HFE Gene Variant, Found in 30 percent of ALS Patients, Speeds Up Disease Progression

Mice bred to carry a gene variant found in a third of ALS patients have a faster disease progression and die sooner than mice with the standard genetic model of the disease, according to Penn State College of Medicine researchers. Understanding the molecular pathway of this accelerated model could lead to more successful drug trials for all ALS patients. Amyotrophic lateral sclerosis (ALS), commonly known as Lou Gehrig's disease, is a degeneration of lower and upper motor neurons in the brainstem, spinal cord, and the motor cortex. The disease, which affects 12,000 Americans, leads to loss of muscle control. People with ALS typically die of respiratory failure when the muscles that control breathing fail. Penn State researchers were the first to discover increased iron levels in the brains of some patients with the late-onset neurodegenerative disorders Parkinson's disease and Alzheimer's disease. A decade ago, they also identified a relationship between ALS and excess iron accumulation when they found that 30 percent of ALS patients in their clinic carried a variant of a gene known as HFE [high iron (Fe)] that is associated with iron overload. For this study, the researchers crossbred mice with the H63D HFE gene variant with the standard mice used in ALS research. "When we followed the disease progression and the behavior of our crossbred mice compared to the standard mice, we saw significant differences," said Dr. James Connor, vice chair of neurosurgery research and director of the Center for Aging and Neurodegenerative Diseases. The crossbred mice performed significantly worse on tests of forelimb and hindlimb grip strength and had a 4 percent shorter life span. The researchers published their findings in the December 2014 issue of the BBA Molecular Basis of Disease.

Scientists Discover Additional Properties of S. pneumoniae That Cause Conjunctivitis

Scientists from Massachusetts Eye and Ear/Harvard Medical School Department of Ophthalmology have used the power of new genomic technology to discover that particular microbes that commonly infect the eye have special, previously unknown properties. These properties are predicted to allow the bacterium --Streptococcus pneumoniae -- to specifically stick to the surface of the eye, grow, and cause damage and inflammation. Researchers are now using this information to develop new ways to treat and prevent infections with this bacterium, which is becoming increasingly resistant to antibiotics. Their findings were published in the current issue of Nature Communications in an article entitled, “"Unencapsulated Streptococcus pneumoniae from Conjunctivitis Encode Variant Traits and Belong to a Distinct Phylogenetic Cluster." S. pneumoniae is a leading cause of infection and is responsible for diseases ranging from infection of the lungs, pneumonia, to infection of the brain, to infection of the surface of the eye, known as conjunctivitis. Although infection of the eye can usually be safely treated, S. pneumoniae infection is a leading cause of illness and death worldwide. According to Massachusetts Eye and Ear researcher Dr. Michael S. Gilmore, Sir William Osler Professor of Ophthalmology, Harvard Medical School, an effective vaccine is available that helps prevent many of the most severe types of infection. "I believe it is especially important for children and the elderly to be vaccinated. The vaccine causes the body to react to a slimy coating on the bacterial surface called a "capsule." The capsule allows S. pneumoniae to escape from white blood cells that try to eliminate it, and S. pneumoniae goes on to cause lung and other infections." However, the strains of S.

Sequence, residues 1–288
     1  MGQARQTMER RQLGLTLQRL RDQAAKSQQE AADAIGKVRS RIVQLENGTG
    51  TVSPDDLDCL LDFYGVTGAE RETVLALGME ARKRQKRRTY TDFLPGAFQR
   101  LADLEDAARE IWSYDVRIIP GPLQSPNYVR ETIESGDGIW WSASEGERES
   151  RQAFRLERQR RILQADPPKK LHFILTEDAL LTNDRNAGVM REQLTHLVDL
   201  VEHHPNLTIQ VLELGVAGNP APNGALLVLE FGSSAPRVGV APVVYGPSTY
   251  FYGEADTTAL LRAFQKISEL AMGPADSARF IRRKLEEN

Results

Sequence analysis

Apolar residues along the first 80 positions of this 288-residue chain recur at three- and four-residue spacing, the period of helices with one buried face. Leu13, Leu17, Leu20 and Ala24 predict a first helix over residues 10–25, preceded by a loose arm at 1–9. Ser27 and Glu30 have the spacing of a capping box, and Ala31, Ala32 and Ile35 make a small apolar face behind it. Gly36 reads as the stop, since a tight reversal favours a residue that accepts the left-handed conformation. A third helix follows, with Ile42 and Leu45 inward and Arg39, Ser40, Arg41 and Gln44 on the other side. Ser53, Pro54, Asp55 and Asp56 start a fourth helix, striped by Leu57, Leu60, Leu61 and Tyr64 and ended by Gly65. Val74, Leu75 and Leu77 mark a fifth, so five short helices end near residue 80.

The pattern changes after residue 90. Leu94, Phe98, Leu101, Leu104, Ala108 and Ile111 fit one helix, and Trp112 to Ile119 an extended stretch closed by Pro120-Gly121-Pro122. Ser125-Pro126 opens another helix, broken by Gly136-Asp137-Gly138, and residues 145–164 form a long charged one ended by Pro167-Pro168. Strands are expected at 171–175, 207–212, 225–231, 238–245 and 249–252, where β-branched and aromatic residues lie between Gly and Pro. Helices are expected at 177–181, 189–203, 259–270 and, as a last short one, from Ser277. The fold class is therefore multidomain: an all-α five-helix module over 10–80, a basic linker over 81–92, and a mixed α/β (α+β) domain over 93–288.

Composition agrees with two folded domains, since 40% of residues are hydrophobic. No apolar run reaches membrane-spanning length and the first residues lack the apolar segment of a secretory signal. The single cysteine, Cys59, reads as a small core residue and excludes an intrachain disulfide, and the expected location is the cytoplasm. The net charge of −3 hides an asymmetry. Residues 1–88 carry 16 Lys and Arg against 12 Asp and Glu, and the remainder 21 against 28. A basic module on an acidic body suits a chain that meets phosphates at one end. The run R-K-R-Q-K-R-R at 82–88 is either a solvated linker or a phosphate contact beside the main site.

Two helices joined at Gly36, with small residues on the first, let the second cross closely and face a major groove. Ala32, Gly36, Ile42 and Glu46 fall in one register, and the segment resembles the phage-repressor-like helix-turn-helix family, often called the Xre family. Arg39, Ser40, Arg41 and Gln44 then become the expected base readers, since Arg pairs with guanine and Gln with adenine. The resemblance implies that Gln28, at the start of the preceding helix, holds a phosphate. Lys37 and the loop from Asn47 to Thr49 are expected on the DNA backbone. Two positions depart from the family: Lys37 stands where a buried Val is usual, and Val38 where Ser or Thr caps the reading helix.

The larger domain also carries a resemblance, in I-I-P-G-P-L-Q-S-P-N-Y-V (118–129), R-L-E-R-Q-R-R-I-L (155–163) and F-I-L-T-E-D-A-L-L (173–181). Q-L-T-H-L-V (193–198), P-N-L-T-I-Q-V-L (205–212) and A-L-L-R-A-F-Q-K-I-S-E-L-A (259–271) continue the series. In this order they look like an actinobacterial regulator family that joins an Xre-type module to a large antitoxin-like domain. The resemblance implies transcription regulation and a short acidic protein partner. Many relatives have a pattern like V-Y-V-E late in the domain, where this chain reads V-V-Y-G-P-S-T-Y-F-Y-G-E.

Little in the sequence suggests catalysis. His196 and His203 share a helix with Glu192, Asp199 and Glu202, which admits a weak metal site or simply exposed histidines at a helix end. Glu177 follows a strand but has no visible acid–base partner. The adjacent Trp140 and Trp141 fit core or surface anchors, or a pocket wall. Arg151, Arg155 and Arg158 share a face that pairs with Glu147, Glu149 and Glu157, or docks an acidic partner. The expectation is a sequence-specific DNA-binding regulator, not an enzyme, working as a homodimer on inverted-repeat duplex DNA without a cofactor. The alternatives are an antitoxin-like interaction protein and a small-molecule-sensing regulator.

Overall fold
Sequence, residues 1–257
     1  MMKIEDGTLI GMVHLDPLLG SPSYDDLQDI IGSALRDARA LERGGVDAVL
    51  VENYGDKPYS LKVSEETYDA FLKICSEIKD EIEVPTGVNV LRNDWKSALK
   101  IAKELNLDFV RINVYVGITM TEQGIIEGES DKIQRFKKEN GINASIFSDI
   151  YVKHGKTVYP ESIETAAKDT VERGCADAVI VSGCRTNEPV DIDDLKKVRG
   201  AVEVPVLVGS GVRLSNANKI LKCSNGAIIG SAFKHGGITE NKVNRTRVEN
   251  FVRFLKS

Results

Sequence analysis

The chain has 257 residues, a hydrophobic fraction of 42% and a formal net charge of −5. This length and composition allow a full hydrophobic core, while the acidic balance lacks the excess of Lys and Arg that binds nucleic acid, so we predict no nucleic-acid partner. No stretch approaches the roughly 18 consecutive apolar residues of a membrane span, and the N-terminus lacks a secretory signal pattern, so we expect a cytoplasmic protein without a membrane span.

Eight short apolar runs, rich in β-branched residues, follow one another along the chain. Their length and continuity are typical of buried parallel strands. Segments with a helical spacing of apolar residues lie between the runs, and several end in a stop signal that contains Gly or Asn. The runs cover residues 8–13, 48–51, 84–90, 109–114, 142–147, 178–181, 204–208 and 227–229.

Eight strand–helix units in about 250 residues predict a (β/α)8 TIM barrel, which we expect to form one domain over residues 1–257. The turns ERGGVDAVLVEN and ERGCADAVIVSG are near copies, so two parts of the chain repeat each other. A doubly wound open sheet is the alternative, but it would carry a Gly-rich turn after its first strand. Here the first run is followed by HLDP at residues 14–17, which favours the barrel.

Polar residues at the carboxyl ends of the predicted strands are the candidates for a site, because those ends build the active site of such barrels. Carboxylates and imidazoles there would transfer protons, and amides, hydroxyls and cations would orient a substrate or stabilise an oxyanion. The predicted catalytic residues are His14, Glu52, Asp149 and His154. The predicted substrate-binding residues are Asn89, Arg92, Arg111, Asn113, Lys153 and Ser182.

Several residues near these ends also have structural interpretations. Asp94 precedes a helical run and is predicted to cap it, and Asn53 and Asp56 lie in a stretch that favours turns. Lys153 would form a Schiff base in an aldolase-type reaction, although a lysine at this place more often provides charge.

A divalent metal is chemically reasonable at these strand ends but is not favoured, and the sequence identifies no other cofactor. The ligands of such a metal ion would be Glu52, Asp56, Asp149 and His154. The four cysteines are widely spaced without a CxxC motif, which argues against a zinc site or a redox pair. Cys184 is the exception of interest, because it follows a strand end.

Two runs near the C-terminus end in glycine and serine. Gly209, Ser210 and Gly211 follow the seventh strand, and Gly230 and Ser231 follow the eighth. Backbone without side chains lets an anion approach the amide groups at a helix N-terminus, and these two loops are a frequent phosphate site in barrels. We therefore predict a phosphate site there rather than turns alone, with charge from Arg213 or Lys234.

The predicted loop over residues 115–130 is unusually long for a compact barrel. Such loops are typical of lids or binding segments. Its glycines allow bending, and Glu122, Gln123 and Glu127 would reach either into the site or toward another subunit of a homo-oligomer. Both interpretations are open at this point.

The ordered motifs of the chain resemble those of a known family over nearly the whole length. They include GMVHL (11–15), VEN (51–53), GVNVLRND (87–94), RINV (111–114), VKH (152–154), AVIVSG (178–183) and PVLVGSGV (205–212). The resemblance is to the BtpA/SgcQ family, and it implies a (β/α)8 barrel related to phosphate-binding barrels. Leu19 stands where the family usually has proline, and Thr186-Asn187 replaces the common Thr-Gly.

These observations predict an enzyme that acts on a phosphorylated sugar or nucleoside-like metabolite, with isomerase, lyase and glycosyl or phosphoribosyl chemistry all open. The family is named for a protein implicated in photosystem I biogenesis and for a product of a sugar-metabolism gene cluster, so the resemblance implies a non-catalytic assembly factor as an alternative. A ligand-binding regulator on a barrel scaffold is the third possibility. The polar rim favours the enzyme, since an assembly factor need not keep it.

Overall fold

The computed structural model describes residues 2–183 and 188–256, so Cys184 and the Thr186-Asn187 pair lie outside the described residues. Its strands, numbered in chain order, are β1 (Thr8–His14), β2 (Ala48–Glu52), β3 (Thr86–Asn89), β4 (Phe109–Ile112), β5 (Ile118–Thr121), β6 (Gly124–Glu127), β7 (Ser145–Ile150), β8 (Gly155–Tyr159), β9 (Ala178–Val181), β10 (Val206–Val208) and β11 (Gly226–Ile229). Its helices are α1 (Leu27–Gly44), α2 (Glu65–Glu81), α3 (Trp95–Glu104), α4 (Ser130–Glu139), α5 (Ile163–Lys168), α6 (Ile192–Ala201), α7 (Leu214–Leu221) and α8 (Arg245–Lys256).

Two Mutations Linked to Ewing Sarcoma Subtype with Poor Prognosis; New Combination Therapy May Be Effective

An international collaboration has identified frequent mutations in two genes that often occur together in Ewing sarcoma (ES) and that define a subtype of the cancer associated with reduced survival. The research, conducted by the St. Jude Children's Research Hospital-Washington University Pediatric Cancer Genome Project and the Institut Curie-Inserm through the International Cancer Genome Consortium, appears in the November 2014 issue of Cancer Discovery. Mutations in the genes STAG2 and TP53 have previously been linked to ES. This is the first study, however, to show that patients whose tumors carry alterations in both genes are less likely to survive than are patients without the changes. The discovery stems from the most comprehensive analysis yet of the genetic makeup of ES, a cancer of the bone and soft tissue that primarily strikes children and adolescents. The findings come as St. Jude finalizes plans for clinical trials of an ES combination therapy. A recent St. Jude study showed that the combination therapy was effective in mice with ES that included both mutations. The agents work by damaging DNA or interfering with cellular repair mechanisms. "The current study used whole genome sequencing to define the most comprehensive landscape yet of the genetic alterations that contribute to the growth and recurrence of Ewing sarcoma," said Jinghui Zhang, Ph.D., a member of the St. Jude Department of Computational Biology. Dr. Zhang and Olivier Delattre, M.D., Ph.D., head of the genetic and biology of pediatric cancer group of Institut Curie, Paris, are the study's corresponding authors. "With the combined expertise of St. Jude and Institut Curie, we were able to identify a subtype with a dismal prognosis based on a tumor's genetic profile.